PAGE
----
In the real world, we need friends Print
Youth Column
Written by Karen Osborne, Catholic News Service   
Thursday, Jul. 24, 2014 -- 12:00 AM

It's the most common phrase in reality TV, usually uttered after a betrayal or a backstabbing. The villain du jour sits in the "confessional," staring at the camera. Sometimes she wears a smirk. Sometimes he's crying. In the end, they all say: "It's OK. I'm not here to make friends."

That sounds incredibly lonely.

Let me tell you what my friends who work on reality shows told me: There is very little "reality" involved. Most of the time, reality show events are scripted. Producers guide the cast, making story decisions. During editing, conversations are clipped and events reordered.

I'm a video editor and I can't tell you how easy it is to change the tone and tenor of a story with a few well-placed cuts. Plus, have you ever tried being in front of a news camera? It's hard. Add a few more cameras, a few sound guys and producers following you around all day, and try being "real."

Reality television also shows us a distorted view of friendships, interpersonal relationships, and how they work. In a game show, everyone competes for the prize, but in life there isn't a prize at the end, with everyone else labeled as losers.

In the competitive world of reality shows, friends are a liability. Family always brings drama and stress. These relationships become things you wish to drop as soon as possible -- converting true friends into pawns and bishops in your real-life chess game.

This reality was hinted at in a recent episode of Hell's Kitchen, when a competitor talked to a former "Hell's Kitchen" winner about how nice it was to have found a friend in a fellow chef on the red team, as the clock wound down on the competition and things were getting stressful.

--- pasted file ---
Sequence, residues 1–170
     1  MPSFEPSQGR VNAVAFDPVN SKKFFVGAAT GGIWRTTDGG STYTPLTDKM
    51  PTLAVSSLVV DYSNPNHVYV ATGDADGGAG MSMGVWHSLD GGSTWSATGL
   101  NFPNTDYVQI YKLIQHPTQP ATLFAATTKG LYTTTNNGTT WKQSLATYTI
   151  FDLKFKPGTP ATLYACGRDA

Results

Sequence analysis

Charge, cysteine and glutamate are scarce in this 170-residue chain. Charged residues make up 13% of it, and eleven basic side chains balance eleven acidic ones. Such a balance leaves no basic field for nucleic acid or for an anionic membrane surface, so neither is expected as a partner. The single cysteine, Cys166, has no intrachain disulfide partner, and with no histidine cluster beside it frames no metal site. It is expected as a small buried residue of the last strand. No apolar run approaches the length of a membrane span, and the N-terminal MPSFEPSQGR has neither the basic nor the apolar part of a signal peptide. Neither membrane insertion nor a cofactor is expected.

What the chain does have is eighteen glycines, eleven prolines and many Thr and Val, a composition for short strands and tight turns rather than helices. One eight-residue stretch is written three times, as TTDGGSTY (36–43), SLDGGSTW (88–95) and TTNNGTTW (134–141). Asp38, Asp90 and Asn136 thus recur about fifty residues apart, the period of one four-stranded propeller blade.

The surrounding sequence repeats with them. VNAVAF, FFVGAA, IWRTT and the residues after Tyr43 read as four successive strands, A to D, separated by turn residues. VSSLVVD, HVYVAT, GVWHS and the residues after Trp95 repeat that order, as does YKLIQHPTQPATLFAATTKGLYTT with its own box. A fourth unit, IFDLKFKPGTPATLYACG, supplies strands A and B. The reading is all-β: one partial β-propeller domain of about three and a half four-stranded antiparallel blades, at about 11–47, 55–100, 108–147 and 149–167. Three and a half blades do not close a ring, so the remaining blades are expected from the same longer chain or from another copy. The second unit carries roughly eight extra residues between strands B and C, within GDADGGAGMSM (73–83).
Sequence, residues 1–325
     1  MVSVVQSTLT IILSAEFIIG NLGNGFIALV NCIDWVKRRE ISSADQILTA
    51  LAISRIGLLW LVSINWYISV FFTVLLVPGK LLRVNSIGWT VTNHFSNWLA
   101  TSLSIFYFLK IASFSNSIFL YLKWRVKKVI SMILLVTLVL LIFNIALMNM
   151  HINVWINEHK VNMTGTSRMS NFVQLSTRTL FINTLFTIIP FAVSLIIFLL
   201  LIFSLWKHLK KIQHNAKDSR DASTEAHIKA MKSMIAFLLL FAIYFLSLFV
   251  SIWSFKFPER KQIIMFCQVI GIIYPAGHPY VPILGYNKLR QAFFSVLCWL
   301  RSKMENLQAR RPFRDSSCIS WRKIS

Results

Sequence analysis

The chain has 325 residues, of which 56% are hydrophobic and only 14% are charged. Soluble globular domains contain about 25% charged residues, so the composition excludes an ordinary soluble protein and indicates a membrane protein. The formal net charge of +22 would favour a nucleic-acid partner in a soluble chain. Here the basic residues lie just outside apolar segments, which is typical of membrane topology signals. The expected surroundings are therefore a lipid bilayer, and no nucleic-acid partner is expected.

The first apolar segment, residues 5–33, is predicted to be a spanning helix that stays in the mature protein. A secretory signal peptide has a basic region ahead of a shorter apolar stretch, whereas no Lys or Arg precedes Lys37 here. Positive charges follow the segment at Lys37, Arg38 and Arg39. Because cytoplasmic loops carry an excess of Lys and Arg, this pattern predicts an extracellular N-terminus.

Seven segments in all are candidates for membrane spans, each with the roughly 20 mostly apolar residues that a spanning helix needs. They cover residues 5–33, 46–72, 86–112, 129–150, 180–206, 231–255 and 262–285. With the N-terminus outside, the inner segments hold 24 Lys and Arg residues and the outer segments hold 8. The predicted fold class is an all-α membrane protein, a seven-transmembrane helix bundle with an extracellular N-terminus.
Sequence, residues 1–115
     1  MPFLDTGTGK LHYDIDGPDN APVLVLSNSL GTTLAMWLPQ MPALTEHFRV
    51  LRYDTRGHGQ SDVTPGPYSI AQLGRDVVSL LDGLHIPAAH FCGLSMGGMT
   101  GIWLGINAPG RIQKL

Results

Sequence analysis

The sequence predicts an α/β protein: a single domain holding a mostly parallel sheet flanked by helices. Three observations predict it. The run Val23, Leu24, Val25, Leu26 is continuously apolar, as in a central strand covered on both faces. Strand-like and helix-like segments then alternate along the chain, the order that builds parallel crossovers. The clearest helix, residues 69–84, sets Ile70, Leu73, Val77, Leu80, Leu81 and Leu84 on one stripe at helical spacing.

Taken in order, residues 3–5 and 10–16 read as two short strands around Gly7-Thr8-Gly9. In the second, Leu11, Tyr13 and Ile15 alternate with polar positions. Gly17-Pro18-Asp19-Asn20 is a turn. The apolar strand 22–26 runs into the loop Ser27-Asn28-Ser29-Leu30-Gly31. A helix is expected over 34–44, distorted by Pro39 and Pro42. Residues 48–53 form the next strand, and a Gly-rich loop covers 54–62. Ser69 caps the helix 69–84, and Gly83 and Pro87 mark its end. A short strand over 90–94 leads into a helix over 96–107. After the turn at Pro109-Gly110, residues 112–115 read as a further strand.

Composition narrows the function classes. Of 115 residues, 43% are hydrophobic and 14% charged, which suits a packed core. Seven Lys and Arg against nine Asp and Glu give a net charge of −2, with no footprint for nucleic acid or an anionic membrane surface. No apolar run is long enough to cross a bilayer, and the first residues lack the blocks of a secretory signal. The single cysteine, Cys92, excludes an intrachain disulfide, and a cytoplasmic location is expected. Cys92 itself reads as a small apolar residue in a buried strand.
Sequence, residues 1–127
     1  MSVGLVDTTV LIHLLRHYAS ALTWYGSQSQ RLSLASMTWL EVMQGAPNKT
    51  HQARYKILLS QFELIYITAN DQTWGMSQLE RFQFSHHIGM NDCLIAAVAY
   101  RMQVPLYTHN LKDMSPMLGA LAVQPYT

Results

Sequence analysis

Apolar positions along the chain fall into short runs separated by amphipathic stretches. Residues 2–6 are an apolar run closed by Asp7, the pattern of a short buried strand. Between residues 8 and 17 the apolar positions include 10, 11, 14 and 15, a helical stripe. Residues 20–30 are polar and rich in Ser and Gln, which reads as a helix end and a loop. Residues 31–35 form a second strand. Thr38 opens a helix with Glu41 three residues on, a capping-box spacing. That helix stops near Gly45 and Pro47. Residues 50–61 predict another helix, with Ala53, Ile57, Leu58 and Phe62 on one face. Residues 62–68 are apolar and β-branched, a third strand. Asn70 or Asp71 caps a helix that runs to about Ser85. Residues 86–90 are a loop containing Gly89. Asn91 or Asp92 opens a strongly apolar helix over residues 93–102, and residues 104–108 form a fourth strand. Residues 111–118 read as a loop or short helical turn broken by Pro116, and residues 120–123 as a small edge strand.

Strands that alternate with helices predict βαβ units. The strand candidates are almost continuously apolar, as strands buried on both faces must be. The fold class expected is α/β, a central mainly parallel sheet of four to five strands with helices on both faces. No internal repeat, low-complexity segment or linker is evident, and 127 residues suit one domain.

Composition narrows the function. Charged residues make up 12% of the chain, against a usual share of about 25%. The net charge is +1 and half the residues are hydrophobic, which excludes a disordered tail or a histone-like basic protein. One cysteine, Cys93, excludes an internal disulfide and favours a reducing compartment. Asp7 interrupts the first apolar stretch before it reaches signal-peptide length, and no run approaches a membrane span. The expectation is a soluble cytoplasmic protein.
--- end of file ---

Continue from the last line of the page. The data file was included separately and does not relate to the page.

The winner warned her that the irascible chef-host Gordon Ramsay would no doubt "test" that friendship in future episodes. And at some point, one or the other would be forced to put the other up for elimination anyway.

That behavior wouldn't fly if the two were running a restaurant together in the real world. Putting your friends up for elimination, sabotaging your colleagues, gossiping, would not make for success. Any business where you can't trust your business partners is doomed.

In the real "real world," friendships grow businesses, relationships grow families and groups grow communities. When you think back to your favorite moments in high school so far, you might think of the moments performing with others in a school play, competing with a sports team or working with a great teacher in class. These triumphs are partially helped along by the talents of other people who care where you're going in life.

I have yet to meet anyone -- even self-confessed former bullies -- who liked the "reality show" part of high school, with its betrayals and bickering and backstabbing. But that's what we consider "reality" now, thanks to television.

The truth is that we are here, on this earth, to make friends. We're here to learn what others need and help them out. We're here to ask for help when we need it. We all deserve a prize and to get it, we stand on the backs of those who came before us and haul other people up the hill to win with us.

When we stand at the top, it won't be so lonely after all.


Karen Dietlein Osborne contributes to “Coming of Age,” a CNS column series for and about youth. She is a staff writer for the Evangelist, newspaper of the Diocese of Albany, N.Y..

 
 

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